Thursday, April 24, 2014

Memory cards for the Sony FDR-AX100

I thought I was clear about what cards worked with the Sony FDR-AX100 in my previous posts, but an email from a reader suggests I wasn't as clear as I thought:

Two days before a three week shoot my producer says he got the FDR-AX100 from B&H as a backup camera. He didn't get any cards, but I looked on B&H and had three cards that were listed as accessories, so I thought I was good. Of course, after meeting the producer, the cards wouldn't record 4K or even HD as XQD.

I noticed on your blog you had a similar problem, but I have yet to see a confirmation that the Sony 64GB SDXC Class 10 UHS-1 card, in fact, does work. Your most recent post about the subject even further puts doubt in my mind. I would greatly appreciate it if you could confirm that card actually works.
So just to be clear, I tried one SD card that the camera wouldn't work with, but it accepted this card: Sony 64GB SDXC Class 10 UHS-1 Memory Card. So far it seems to work fine; though I can't say I've stress tested it yet.

Other News

A quick camera shootout with the Canon C100, 5D Mark III, 7D, and Panasonic GH3 and GH4 (in 1080 and 4K). It's interesting because there's some big differences in exposure.
GH4 Camera Shootout | Hillbilly Grip Truck
That said... I found the 4k footage downsampled in post to 1080 to be surprisingly gradeable.  I pulled it back at least 2 stops and it looked good color wise... although it was grainy to start with.Now... That brings up the other point.  The GH4, even if it was underexposed, looked very grainy before being gained up.  Stranger still is that the 1080 footage has a "color noise" in its grain where the 4k doesn't, despite the 1080 having a higher bitrate.

A follow-up on the noise in the GH4 footage:
Camera Test Noise | Hillbilly Grip Truck
In our camera shootout, I hazed the room, both cause I like the look of it and because I wanted to see how the codec handled fine details.  I could kinda see the 100mbit 4k footage suffering, but the 1080 footage with the higher bitrate I imagined would be pristine.... But it really wasn't.

This is from last month, but an interesting effort from Digital Bolex. Tip of the hat to Evan Luzi of The Black and Blue blog for pointing this out. Also, you can read an interview with Evan here.
The Digital Bolex Grant for Women Cinematographers | Digital Bolex
The statistics are startling. Fewer than 2% of working cinematographers are women. No female cinematographer has been nominated for an Academy Award. There are 11 active women in the ASC–out of 330+ active members. The first studio film to have a female cinematographer was released in 1980.

Filming with the Glidetrack Carbon Crane | HD Warrior
Remember crane shots are time consuming and like any extra special shot should be used sparingly for full effect. The Glidetrack Carbon Crane is lightweight and easy to set up, you still need a tripod to support it but without the aid of a quad copter which you would not be allowed to use in a built up area its the only way of achieving this type of shot.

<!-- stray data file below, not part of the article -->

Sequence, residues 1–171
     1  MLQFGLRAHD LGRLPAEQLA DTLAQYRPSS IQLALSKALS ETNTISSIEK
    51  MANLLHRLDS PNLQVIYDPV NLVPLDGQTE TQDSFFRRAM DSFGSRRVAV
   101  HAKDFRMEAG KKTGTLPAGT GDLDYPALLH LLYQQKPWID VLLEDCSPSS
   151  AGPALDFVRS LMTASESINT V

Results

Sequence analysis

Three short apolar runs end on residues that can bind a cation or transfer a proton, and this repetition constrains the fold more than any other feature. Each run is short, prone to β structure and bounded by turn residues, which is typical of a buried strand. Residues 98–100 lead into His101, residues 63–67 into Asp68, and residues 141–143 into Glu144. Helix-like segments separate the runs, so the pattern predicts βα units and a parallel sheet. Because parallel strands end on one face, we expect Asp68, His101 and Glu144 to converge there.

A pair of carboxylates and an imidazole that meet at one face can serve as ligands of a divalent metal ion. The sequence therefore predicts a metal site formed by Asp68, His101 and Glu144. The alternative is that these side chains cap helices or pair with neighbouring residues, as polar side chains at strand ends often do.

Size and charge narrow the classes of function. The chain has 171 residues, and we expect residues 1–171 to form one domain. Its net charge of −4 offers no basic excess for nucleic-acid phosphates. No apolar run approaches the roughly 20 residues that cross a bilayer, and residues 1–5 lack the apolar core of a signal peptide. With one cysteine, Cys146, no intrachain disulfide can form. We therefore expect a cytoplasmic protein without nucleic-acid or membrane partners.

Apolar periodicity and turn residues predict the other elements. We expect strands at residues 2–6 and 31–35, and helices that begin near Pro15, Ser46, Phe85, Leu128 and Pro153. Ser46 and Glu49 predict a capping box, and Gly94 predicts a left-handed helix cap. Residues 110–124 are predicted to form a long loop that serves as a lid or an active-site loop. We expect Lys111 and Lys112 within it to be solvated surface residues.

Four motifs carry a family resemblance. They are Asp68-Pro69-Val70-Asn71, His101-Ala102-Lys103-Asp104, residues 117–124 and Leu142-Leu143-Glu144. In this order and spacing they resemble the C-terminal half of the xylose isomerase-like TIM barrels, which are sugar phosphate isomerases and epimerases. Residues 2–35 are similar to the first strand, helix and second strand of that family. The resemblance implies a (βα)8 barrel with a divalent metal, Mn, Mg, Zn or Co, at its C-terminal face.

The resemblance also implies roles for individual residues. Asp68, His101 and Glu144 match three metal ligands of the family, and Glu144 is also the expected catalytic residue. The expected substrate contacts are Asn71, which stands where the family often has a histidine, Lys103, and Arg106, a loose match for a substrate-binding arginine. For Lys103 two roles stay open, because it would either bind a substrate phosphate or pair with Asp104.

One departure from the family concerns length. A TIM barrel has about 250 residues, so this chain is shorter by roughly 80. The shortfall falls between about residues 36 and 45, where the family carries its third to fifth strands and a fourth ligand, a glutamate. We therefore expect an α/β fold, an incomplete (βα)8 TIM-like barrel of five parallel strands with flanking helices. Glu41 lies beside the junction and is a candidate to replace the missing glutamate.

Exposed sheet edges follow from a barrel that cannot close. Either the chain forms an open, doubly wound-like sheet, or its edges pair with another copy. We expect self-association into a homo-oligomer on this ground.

Larry Jordan sits down with Alexis Van Hurkman, a writer, director, and colorist, to talk about innovations in editing and color grading. Alexis discusses Blackmagic’s new DaVinci Resolve 11 release, and how it integrates editing with color grading.

Practical FCPX Tutorials | AudioMicro
I’ve come across many talented editors who have shared practical tips when it comes to using Final Cut Pro X, as well as Motion. Ever since its release, people have spent more time defending its editing capabilities, versus showing why it’s faster to utilize its workflow. I’m going to highlight some FCPX editors who have willingly shared practical tips and workflows when using Final Cut Pro X.

4 Highlights from Tribeca Film Festival Cinematographers Masterclass | IndieWire
2. You don't have to go to film school to become a cinematographer."I didn't go to film school. Cinematography was just learning how to make movies. I started out in documentary and it was much easier not having a film background to make a documentary." - Zachary Heinzerling

Five Lessons From a Work-In-Progress Screening | Filmmaker Magazine
The most relevant advice is somewhere in the boiled down essence of all the feedback. If you notice patterns and consistency in what people write, you should look into it. For instance, I wanted the film to have a gradual pace, a slow unfolding narrative. Yet, I never imaged it having a “glacial pace,” as one person called it.

PVC Experts & Answers Webinars: NAB 2014 Wrap-up | Online Event
Event Date: April 30, 2014 11am PT
Join ProVideo Coalition writers Scott Simmons and Matthew Jeppsen as they talk through what they saw and what they didn't see at NAB this year. Highlights from the event will be showcased and we'll be discussing what those highlights mean to individuals and to the industry as a whole. We'll also talk through what was different about the show this year and what really stood out for them. 

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